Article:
My family and I visit Victoria twice a year for long trips – and these are the places we don’t get tired of, and the spots the kids ask to return to, again and again.
Victoria Bug Zoo. It’s not necessarily the bugs that are the draw here – there are plenty of places to see a cockroach or an African millipede. But the tour guides make this attraction one of our favorites in Cascadia. The guides dispense education with entertainment and genuinely kid-friendly attitudes. Whether describing how a bug eats her mate or using a millipede as a moustache, the enthusiastic employees always provide weird facts and fun.
Butchart Gardens. Scamper through, under and around over 55 acres of pathways, fountains and arbors woven with roses. The sunken gardens are always a favorite – go down steps or a ramp down into a colorful valley of flower power. This summer, take a spin on the newly installed vintage carousel in the children’s garden. Giant loaner umbrellas make rainy-day walks easier, but bring rain covers for strollers. The garden isn’t cheap, but it’s absolutely worth the time and expense. Check out their info on kid-friendly things to do, before you go.
Beacon Hill Park. This 62-acre city greenspace provides lovely (and free) flower-filled gardens, a water park and year-round playground with riding toys, a rock-climbing wall and slides. If you absolutely can’t afford Butchart, this will do, particularly with very young children who won’t know the difference. The Beacon Hill Children’s Farm offers a chance to groom baby goats and watch the daily “Running of the Goats.” Read more about the Run in my article here.
Royal BC Museum. A three-story museum filled with artifacts and replicas depicting Pacific Northwest and BC life. Enter a cedar-scented Native American longhouse, hear a cat’s meow in the replica Victorian Village, and listen to the echo of your own voice when encountering a towering moose. Clever use of lighting and sound effects offer a sensory-rich encounter with natural history and human history. Of all of the museums in the Pacific NW and BC, this one does it biggest and best.
Fisherman’s Wharf. Fish are a feature here – eat fish ‘n’ chips at Barb’s Place while walking among houseboats, buy fresh salmon at The Fish Store and feed fish guts to Sammy the seal. It’s true – you can feed a real (and adorable) seal here. Required warnings: Count fingers after feeding Sammy, don’t get too close to Sammy and make sure toddlers don’t toddle right off the pier. Then, visit the new playground near Fisherman’s Wharf, reviewed here by the blog Swings and Roundabouts.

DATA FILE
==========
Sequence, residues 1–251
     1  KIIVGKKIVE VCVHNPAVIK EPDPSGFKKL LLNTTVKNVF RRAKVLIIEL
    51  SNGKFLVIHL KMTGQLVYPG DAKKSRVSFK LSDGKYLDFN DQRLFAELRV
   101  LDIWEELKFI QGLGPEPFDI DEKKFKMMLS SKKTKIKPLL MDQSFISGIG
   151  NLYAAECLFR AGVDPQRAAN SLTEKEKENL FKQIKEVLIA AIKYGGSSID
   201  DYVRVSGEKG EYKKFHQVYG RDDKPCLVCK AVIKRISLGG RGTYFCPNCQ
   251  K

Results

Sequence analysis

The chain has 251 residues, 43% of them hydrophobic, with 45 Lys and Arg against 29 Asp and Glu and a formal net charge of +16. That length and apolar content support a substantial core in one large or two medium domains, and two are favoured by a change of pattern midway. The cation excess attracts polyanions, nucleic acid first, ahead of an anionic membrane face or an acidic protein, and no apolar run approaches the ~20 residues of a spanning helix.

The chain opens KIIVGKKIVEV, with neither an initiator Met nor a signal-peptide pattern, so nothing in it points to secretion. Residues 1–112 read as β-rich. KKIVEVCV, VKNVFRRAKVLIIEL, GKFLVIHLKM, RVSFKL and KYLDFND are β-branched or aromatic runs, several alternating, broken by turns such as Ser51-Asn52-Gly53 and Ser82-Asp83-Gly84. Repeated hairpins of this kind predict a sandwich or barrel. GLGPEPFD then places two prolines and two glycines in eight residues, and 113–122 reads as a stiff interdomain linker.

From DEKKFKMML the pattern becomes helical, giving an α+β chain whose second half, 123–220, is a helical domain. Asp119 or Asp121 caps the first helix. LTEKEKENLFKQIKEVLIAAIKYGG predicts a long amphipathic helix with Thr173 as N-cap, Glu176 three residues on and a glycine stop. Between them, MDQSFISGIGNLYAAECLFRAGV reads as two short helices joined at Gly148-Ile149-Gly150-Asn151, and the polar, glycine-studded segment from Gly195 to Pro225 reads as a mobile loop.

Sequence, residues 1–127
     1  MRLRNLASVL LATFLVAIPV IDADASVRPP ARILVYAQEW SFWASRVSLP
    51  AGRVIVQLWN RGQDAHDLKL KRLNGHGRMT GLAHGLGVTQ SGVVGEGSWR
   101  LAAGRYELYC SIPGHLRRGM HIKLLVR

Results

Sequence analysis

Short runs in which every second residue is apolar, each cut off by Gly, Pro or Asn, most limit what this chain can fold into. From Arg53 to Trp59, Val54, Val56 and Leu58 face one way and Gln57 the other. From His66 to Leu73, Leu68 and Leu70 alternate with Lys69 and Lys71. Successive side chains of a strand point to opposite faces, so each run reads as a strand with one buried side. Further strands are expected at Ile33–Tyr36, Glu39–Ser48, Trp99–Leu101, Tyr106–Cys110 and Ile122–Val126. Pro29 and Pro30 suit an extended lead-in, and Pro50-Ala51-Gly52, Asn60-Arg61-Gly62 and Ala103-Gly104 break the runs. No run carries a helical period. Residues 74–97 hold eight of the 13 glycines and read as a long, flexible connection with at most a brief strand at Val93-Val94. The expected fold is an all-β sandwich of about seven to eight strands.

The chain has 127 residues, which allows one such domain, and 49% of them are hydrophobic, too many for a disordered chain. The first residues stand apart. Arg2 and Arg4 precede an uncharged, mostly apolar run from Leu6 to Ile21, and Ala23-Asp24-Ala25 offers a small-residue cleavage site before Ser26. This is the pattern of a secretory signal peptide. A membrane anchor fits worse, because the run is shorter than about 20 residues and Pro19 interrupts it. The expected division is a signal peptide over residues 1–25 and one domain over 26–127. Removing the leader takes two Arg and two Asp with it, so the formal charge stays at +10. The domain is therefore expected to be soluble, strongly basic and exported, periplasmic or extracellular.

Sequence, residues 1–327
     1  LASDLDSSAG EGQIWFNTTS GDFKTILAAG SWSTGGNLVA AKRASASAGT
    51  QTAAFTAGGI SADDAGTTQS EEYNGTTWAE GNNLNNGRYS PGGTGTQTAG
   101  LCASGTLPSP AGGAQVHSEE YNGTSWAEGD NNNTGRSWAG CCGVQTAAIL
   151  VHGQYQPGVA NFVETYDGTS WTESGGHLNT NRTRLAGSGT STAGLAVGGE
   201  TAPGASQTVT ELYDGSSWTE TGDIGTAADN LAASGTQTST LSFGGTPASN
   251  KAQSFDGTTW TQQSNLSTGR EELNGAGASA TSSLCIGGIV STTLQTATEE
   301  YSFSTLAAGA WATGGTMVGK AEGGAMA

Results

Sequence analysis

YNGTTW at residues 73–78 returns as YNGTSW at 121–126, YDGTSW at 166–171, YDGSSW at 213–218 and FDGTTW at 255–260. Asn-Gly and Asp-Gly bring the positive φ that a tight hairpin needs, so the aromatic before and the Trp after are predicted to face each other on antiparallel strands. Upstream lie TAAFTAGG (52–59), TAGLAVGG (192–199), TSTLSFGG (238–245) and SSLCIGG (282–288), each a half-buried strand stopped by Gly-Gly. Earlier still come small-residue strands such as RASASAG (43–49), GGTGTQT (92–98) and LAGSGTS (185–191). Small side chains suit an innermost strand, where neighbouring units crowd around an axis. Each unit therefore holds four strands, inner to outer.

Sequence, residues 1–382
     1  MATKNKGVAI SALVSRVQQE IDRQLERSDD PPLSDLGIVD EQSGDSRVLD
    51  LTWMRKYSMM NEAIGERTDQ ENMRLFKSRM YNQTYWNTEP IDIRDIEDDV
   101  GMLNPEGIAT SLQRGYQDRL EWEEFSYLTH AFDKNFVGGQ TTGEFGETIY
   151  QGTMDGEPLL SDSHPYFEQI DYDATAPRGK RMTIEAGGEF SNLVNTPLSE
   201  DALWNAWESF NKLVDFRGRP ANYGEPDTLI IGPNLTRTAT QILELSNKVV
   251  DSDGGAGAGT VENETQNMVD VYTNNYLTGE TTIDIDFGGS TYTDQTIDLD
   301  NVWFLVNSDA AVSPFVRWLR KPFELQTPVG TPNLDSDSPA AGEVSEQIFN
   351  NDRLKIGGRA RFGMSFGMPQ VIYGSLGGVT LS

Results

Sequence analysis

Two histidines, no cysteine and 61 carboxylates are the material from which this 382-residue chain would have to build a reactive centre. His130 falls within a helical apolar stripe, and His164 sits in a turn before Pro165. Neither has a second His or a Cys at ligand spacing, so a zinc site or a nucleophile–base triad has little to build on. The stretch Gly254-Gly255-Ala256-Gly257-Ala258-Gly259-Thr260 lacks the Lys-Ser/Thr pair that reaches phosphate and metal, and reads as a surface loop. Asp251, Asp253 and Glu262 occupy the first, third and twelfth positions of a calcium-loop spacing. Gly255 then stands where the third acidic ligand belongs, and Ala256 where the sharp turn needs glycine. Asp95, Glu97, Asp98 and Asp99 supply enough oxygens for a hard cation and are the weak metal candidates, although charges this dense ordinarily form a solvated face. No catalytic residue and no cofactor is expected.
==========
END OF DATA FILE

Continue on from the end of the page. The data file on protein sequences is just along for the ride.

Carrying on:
Tea at the Empress. On sunny summer weekends, you’ll have to make a reservation – this hotel is packed with families, all the way up to the 1908-era rafters. Adult teas are enormous and easily feed a kid or two, but the children’s tea is also a special treat. The Empress offers a luxe setting – ferns, nice china, fireplaces, and curtain-draped views of the Inner Harbour – and may not be for the chronically fidgety or very young. But it’s a memory-maker for older kids. My daughter still asks to go back on every trip, even though I’ve told her it’s a once-every-10-years activity, due to the expense.
Victoria Butterfly Gardens. If you’re rained out of other outdoor attractions, this 12,000-square foot indoor garden entertains. It’s not that much bigger than Pacific Science Center’s Butterfly House, but this garden does include flamingos and venus flytraps. The 75 species of butterflies here are friendly – maybe because they’re Canadian – and they’ll often land on a child’s hand.
Downtown Victoria. Victoria’s brick buildings hold dozens of wonderful stores for every age group. So go shopping: pick up books at Tall Tales Books, toys and clothes at Kaboodles or Sprouts, toffee at the English Sweet Shop or peony-colored silk purses at Chinatown Trading Company (551 Fisgard St.). Buy BC-made baby toys and carriers at Mothering Touch, take elementary-age kids to a comic shop-lined street (Johnson Street) and bring teens to the quirky Zydeco Gifts and chic Smoking Lily.
A Tourist Attraction. Like tourist attractions around the world, the following may be designed to squeeze the maximum amount of dollars from visitors (with minimum effort). But like candy, these two Inner Harbour stops are enjoyable every once in a while. Which ones do I recommend? See Superman, Pinocchio and Barack Obama (or George W. Bush, depending upon your political inclinations) at the Royal London Wax Museum .(Update: Permanently closed) Or take a peek inside Miniature World’s campy, tiny worlds of war, historic life and fairy tales. Please note, these are the only two super-touristy stops I recommend. And I have visited all of them. (Clears throat and looks meaningfully at you)
Find even more awesome attractions in my book Northwest Kid Trips: Portland, Seattle, Victoria, Vancouver and from the Tourism Victoria site.